Marking their new-found friendship, Ritesh and Riya sit together relishing their ice-cream. In a playful moment, Riya smears the ice-cream on Ritesh’s face as the director yells ‘Cut!’, to a crowd of gawking commuters at the DN Nagar Metro station. With the ongoing Majhi Metro Filmmaking contest, it has become a regular affair for commuters travelling by the Metro to run into actors, directors and cameramen on the stations or trains. Organised as a part of the Majhi Metro Festival by Mumbai Metro One, it aims to bring people of Mumbai together to help them contribute their art to a public space and also give budding talents a platform to display their art. In its fourth year now, it has previously conducted painting, poetry and photography contests.
Watch What Else Is Making News
Over 1,300 people have registered for the filmmaking contest this year, which will be judged by National Award-winning filmmaker Anand Gandhi. Beside the nuanced filmmakers who have signed up, regular office-goers have also taken time out of their busy work schedules to pursue their undying passion for the art.
Sourabh Das, a social media producer with a digital website, has always been passionate about filmmaking and has made several documentaries for YouTube channel. But this was the first time that he got to showcase his talent on such a platform.
“Usually it is tough to get permissions to shoot in such places. But through this competition I got a great opportunity to shoot here. Also my film will get greater visibility and will be judged along with many other filmmakers,” says Das.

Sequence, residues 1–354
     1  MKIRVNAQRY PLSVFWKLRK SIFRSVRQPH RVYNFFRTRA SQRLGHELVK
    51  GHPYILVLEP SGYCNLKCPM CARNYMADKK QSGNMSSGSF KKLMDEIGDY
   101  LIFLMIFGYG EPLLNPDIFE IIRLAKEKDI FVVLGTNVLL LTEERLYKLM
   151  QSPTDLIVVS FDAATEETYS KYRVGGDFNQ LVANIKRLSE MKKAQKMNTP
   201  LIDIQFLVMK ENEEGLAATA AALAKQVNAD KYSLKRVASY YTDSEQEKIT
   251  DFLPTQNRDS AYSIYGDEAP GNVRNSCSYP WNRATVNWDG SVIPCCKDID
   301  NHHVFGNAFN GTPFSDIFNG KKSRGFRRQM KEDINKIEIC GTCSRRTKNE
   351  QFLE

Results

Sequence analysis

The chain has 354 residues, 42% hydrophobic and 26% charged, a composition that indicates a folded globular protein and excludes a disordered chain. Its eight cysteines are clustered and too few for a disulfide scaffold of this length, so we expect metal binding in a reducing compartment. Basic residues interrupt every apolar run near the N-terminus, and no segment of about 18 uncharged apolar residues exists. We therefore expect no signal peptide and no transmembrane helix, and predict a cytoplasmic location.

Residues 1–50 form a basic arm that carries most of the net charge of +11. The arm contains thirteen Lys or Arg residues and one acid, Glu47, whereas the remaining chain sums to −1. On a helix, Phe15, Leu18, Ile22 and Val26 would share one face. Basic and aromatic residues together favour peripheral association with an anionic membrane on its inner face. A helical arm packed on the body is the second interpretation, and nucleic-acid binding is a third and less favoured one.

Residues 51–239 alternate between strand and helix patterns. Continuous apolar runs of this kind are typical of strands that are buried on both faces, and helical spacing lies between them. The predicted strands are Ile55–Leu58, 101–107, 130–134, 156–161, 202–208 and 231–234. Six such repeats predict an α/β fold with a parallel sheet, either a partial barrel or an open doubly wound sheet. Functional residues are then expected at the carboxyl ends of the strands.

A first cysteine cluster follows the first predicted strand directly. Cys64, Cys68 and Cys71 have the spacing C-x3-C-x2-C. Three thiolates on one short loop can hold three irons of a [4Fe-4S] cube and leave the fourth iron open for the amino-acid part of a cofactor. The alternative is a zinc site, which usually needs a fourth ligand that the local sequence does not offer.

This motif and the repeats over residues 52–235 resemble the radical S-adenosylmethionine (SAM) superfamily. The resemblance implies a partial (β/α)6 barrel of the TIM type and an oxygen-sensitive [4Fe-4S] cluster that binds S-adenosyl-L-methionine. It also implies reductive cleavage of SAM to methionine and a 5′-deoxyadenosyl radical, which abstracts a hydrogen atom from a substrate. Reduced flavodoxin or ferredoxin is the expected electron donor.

This is also an opportunity for filmmakers to shoot in an uncontrolled environment without causing any inconvenience to the commuters. “On a film set the director is in control of everything. But when you shoot in public places like the Metro station everything is uncontrolled. We cannot decide who will be sitting next to our actors or how long the train will halt at a station. So apart from making the film we also had the additional responsibility of handling the uncontrolled environment. But the beauty of the contest was in this challenge,” says Manisha Pradhan, whose film on the 1984 Bhiwandi riots ‘HIM’ has entered the Beed Film Festival.
The Metro staff also had a challenging task at hand with filmmakers having unhindered access to the stations. That apart they even had to cooperate with several requests from the filmmakers for retakes.
Elvis Furtado, one of the participants, recalls a friendly experience with the Metro staff. “We had to shoot one scene where the actors were entering the Metro station. The scene required several retakes and the Metro staff willingly obliged to use their pass to open the gates for every take,” he says.
The films have explored several themes from non-fiction representations of the importance of the Metro to fictional love stories and suspense thrillers. As one of the participants, Amey Parulekar, puts it, “It is a win-win situation for both. For the filmmaker it gives him a chance to make his film and the Metro can promote itself through these films,” he says.